Robust battery life, flawless timekeeping, water resistance to 50 meters and an easy to read analog face with 24 hour military time are all aspects of the A-2T that will endear it to you in short order. Add to that the fact that it’s just as ‘at home’ in the office as it is on the mountainside and you’ve got a high quality field watch that understands its dual nature. This watch won’t bowl over those looking for tactical watch features and frankly it’s not supposed to. It will however bowl over anyone who appreciates quality workmanship in a rugged, good looking, all-purpose timepiece.
- Weight4 oz
Citizen Eco-Drive Analog
The Citizen Men’s Eco-Drive adopts a rough-around-the-edges look to drive home its military field watch roots. By juxtaposing the ruggedness of the nylon strap with the smooth sophisticated finish of the stainless steel case the designers achieve a nifty balance that makes the watch as visually intriguing as it is dependable and useful.
The Citizen Men’s Eco-Drive field watch is built for comfort and durability. The face is simple and easy to read the band broad and tough, the hands and numerals clearly visible when the sun goes down and the stainless steel casing gives the watch substance without making it too heavy. Ideal for camping, fishing, biking, jogging and a hundred other outdoor activities that don’t include getting lost hiking in the mountains. Best of all you can have it for less than 100 bucks.
- BrandCitizen Eco
- Weight8.8 oz
Seiko 5 Automatic
Seiko have taken a slightly different approach to field watch design with the SNZG13. They’ve basically taken one of their dress watch templates and beefed it up for the outdoors with the result being a hybrid mechanical watch that hits the mark with both performance and looks.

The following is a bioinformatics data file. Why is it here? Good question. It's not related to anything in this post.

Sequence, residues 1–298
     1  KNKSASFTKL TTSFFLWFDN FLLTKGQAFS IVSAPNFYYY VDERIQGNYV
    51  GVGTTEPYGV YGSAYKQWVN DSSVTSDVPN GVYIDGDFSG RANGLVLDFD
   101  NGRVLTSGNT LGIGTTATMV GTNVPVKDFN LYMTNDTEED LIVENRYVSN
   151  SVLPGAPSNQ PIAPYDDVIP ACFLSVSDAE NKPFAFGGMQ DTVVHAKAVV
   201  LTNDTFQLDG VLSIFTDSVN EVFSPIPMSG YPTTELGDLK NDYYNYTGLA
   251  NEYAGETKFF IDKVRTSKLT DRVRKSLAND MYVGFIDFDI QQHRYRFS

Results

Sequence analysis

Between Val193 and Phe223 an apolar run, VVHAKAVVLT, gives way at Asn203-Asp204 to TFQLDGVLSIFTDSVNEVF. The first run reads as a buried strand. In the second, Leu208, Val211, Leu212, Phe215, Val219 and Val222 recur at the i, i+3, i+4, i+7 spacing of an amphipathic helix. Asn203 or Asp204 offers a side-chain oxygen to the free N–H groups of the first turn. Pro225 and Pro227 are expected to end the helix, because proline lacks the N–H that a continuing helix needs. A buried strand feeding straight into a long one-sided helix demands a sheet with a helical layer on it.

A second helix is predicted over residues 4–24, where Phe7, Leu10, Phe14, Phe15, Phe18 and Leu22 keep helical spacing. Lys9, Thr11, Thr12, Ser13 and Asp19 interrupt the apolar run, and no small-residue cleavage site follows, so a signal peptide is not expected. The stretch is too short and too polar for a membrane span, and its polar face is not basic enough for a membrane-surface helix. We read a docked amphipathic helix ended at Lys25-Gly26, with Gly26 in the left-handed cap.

The SNZG13 field watch eschews the standard nylon or leather straps you’ll see on most of its competitors and puts its faith in stainless steel. As a result you get a watch that’s incredibly strong from clasp to face, that’s waterproof down to an incredible 330 feet, that self-winds the way all outdoor watches really should, and whose self-illuminating hands are as easy to read in the heat of battle as they are in the peace and quiet of your family tent at night. The perfect combination of style and outdoor function.
- Weight12.8 oz
Hamilton Men’s HML-H70575733
Hamilton may have a habit of giving their watches annoyingly long numerical names but that doesn’t in any way detract from those watches being among the best values in the contemporary marketplace. The H70575733 (whew!) is as handsome a field watch as you’ll find anywhere and the solid titanium case means it’s also one of the toughest.
Hamilton hits all the marks with this field watch. From the black PVD titanium case to the easily readable face and Swiss movement. The sapphire crystal is incredibly scratch resistant and the whole thing can be taken to 330 feet below the surface before it starts to have problems. The nylon band is also one of the most comfortable we’ve experienced on a field watch. If what you’re after is a field watch that takes no prisoners the H70575733 from Hamilton is the watch for you. Be advised however that titanium is not cheap, and neither is this watch.
- Weight1.45 lbs
Bertucci B-1T Titanium
The A-1T from Bertucci is simplicity incarnate. The whole thing looks like it has about 3 moving parts with 2 of them being hidden from view. Seriously though we can’t think of another watch design that’s refined down to the essential elements the way the A-1T is. Nonetheless this field watch makes great use of Swiss quartz precision behind a screw down titanium crown to create something pretty special for under 200 bucks.